Health Care’s Never-Ending Grocery List

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Imagine grocery shopping with roommates. If you live with a vegan, an athlete, and a sorority girl, imagine pooling your various needs into one grocery list. Turns out, you’ll each end up buying way more than you want, because you each have different needs and desires. All you wanted to buy was some asparagus and cereal, yet you’ve ended up paying for Tofutti fro-yo, sirloin steak, and Skinnygirl cosmos up the wazoo. That would be like the contraceptive mandate. Now imagine I’m forced by law to buy groceries, instead of eating out based on when I’m hungry. That’s the individual mandate.

Then multiply that by about 312 million different needs and desires.

While 49 percent of Americans say they think the entire Affordable Care Act is a bad idea (the highest ever, according to an NBC/WSJ poll), legislators in Michigan and elsewhere are endlessly politicking and maneuvering with one another regarding health care exchanges and Medicaid expansion.

It shouldn’t be a surprise that people voted Obama back in, despite the controversial law, and that people are giving him more hell over it in the second term. With 906 pages of mandates, subsidies, and tax credits, “Obamacare” was never going to be as easy a sell as Obama’s reelection.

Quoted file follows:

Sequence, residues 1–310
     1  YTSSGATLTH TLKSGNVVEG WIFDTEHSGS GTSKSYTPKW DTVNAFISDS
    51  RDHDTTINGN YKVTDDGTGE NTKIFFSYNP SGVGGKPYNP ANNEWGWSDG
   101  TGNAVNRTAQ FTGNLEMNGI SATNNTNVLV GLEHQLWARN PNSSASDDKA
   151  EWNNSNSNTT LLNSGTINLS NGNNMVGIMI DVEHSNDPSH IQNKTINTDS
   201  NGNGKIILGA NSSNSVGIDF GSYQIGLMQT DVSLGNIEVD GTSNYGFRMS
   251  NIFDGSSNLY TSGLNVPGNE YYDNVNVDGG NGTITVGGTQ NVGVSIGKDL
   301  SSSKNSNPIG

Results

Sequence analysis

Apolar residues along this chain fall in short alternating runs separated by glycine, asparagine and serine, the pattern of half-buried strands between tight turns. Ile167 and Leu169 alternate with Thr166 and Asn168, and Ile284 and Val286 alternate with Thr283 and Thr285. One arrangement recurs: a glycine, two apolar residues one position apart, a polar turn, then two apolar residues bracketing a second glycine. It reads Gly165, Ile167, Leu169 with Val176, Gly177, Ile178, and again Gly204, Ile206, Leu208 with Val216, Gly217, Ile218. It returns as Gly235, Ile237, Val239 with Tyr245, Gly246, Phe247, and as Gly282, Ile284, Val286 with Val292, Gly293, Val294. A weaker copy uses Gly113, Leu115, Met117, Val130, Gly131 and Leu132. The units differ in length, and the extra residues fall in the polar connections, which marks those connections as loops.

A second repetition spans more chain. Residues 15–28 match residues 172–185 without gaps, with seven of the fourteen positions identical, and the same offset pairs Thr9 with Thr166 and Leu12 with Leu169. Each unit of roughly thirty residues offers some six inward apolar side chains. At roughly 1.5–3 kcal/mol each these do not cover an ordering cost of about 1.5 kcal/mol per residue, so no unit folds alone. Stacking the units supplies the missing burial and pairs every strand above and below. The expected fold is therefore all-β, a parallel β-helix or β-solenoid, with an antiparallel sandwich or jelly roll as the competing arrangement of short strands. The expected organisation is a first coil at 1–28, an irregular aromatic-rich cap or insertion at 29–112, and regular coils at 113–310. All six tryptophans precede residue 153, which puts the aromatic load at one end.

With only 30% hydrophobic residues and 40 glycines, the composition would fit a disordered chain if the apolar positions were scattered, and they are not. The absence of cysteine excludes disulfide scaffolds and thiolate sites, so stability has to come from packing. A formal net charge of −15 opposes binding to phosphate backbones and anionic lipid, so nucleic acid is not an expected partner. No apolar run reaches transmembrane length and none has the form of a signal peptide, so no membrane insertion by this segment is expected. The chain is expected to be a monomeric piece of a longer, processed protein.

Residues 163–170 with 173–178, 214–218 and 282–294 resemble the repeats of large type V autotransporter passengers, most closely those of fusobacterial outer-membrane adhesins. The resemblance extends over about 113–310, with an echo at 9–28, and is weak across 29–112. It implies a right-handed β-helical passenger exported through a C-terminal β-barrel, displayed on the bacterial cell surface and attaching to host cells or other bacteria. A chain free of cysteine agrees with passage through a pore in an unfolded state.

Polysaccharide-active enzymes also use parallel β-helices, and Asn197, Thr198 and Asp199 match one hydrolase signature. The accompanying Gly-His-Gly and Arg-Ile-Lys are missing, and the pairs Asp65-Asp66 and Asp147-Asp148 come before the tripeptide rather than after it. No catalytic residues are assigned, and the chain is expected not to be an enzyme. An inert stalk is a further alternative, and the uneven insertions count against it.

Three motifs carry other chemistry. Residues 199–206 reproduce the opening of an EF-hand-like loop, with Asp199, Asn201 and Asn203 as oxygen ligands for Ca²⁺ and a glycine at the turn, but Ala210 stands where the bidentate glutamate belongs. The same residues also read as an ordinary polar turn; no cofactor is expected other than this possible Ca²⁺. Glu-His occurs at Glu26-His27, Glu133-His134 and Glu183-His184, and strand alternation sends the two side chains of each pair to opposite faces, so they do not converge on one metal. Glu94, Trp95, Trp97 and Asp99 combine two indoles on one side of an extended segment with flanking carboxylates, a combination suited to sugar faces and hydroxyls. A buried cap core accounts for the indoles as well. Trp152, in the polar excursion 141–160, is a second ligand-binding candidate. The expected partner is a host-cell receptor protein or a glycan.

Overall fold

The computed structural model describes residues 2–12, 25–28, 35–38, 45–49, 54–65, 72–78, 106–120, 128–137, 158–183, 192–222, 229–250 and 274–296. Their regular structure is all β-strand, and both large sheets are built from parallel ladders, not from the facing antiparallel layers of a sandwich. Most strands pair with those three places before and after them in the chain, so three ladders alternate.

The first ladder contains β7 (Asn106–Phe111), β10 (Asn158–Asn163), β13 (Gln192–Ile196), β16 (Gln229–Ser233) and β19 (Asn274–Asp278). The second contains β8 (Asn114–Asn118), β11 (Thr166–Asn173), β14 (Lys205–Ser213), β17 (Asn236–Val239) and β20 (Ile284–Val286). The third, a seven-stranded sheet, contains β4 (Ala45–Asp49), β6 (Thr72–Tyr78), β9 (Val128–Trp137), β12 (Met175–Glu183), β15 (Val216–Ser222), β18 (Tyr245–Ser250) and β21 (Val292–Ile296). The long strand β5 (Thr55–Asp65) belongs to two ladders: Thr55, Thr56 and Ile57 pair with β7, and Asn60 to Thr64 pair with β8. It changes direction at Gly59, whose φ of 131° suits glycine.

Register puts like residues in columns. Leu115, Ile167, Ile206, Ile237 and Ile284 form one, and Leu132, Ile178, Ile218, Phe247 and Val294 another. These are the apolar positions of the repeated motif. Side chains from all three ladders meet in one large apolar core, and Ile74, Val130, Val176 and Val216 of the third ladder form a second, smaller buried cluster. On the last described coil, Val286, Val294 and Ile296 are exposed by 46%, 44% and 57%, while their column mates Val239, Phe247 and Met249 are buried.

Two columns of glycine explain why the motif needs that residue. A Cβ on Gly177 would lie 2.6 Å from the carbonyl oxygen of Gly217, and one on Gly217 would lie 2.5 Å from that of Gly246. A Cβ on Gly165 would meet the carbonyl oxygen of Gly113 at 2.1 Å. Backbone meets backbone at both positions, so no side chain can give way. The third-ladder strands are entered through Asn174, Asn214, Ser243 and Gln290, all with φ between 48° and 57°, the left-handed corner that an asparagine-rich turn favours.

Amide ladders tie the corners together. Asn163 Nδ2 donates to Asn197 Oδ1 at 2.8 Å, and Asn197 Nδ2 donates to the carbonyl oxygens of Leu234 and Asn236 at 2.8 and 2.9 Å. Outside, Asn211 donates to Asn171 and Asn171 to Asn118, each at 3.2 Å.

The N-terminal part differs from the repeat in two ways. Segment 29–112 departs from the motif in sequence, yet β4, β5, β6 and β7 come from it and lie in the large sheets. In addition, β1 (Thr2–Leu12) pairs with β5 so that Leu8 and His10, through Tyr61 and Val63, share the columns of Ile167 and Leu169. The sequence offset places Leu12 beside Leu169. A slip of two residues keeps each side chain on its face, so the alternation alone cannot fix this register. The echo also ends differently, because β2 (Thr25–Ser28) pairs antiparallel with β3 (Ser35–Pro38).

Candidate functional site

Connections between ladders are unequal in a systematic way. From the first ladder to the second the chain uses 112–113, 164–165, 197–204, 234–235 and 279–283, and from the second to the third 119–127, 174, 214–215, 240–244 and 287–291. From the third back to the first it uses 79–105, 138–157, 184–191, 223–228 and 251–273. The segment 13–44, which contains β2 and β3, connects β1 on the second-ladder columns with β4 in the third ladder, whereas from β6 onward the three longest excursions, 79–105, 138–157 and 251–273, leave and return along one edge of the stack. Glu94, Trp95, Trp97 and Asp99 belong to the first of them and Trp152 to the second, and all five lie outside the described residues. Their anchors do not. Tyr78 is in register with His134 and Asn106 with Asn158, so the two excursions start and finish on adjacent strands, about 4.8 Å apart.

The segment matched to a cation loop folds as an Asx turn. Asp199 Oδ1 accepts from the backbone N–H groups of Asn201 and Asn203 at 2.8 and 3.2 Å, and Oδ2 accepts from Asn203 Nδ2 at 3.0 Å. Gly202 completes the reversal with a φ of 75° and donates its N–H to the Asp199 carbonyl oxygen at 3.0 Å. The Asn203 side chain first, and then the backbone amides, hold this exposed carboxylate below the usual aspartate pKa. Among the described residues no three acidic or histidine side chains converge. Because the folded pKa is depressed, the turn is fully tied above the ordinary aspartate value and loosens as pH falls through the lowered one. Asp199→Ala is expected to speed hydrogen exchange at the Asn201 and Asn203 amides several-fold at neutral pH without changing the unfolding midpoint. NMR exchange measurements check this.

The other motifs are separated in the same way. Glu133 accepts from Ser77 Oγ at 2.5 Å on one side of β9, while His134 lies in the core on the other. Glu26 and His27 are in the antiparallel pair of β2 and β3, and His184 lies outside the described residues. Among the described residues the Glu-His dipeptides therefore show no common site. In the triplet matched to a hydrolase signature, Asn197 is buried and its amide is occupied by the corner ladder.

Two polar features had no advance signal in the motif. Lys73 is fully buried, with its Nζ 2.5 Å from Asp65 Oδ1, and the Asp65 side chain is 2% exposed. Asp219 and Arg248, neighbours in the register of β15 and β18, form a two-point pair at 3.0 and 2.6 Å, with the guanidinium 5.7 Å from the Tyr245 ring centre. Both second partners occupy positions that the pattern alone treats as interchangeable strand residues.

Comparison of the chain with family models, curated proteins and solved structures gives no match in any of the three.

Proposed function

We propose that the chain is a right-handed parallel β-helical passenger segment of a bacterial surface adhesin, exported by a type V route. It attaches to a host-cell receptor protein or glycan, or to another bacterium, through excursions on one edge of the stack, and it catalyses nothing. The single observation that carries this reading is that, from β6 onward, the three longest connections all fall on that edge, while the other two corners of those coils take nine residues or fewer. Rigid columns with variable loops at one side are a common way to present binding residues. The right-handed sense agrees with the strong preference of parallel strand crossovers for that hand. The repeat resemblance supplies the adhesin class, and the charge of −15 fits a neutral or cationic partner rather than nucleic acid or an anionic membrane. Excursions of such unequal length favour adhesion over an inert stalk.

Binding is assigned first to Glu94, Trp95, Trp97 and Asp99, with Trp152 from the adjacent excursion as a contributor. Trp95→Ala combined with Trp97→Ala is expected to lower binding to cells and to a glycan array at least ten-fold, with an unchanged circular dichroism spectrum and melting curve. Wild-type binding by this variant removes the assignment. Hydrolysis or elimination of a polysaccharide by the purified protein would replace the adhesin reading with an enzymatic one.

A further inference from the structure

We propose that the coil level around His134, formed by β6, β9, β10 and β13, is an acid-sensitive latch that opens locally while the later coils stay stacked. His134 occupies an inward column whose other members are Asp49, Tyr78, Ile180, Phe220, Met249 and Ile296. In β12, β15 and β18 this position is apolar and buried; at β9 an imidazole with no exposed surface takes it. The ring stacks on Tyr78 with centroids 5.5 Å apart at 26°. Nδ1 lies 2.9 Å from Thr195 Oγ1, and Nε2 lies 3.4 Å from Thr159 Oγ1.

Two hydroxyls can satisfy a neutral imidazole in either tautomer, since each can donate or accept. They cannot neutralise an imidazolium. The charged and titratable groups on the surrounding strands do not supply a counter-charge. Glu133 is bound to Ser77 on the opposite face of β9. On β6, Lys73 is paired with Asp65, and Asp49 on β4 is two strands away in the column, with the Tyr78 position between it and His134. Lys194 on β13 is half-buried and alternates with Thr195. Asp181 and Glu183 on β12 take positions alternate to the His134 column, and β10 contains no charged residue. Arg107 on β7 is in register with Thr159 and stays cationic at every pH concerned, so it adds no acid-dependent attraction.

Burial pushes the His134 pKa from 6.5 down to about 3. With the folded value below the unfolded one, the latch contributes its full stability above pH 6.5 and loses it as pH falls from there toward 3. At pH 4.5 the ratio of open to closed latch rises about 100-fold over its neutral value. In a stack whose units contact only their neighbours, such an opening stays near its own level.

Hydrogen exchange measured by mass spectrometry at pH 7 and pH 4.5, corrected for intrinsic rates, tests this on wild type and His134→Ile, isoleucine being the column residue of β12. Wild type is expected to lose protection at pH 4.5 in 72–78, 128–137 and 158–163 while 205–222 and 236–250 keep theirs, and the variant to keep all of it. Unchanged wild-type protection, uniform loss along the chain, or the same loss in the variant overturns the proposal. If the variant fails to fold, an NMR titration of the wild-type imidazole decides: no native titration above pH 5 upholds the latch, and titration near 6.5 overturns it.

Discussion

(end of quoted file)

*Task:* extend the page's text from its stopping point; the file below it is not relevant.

Where Democrats got their greatest win in the 2012 debates is unquestionably over another type of mandate altogether—the contraceptive mandate. The reason? The conversation about mandates generally became about the moral cost of voting for men ignorant of and potentially malignant to women, versus, you know, health care reform. That’s a no-brainer when put in those terms.

The individual mandate—or “just another health care tax,” as the Supreme Court desires I put it—requires that people buy health insurance coverage. The problem with this is that government now has to subsidize more people who can’t afford the higher cost of insurance—which shifts the burden onto taxpayers. In fact, estimates indicate that 50 percent to 60 percent of new enrollees into Medicaid, should it expand in-state, will have dropped their individual insurance coverage for financial reasons.

You’ll see insurers lobbying for the individual mandate: don’t be troubled—that’s because AHIP believes its essential to maintain the community rating.

What’s the community rating? Oh, just the provision in the Affordable Care Act that insurers can only charge the elderly three times what they charge their youngest customers, even though health expenditures for older members are, on average, six times more costly. It’s getting harder to disguise the fact that premiums for younger workers are going up.

It’s not that wanting to split the grocery bill makes you a bad person—though you might feel like one after observing the results. It’s that proponents misunderstand how best to channel their desire to do good for others. In fact, the new health care law feels less like an exhibition of human kindness and generosity, and more like 906 pages of missed opportunities for change.